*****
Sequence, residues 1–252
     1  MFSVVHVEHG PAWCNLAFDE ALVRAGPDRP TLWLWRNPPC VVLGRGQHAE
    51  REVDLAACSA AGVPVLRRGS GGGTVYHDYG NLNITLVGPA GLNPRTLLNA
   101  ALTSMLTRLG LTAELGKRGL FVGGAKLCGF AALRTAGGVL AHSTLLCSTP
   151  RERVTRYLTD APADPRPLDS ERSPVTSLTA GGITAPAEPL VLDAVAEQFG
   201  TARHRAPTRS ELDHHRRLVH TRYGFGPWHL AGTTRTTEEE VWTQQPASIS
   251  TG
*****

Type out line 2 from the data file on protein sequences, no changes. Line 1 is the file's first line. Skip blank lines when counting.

     1  MFSVVHVEHG PAWCNLAFDE ALVRAGPDRP TLWLWRNPPC VVLGRGQHAE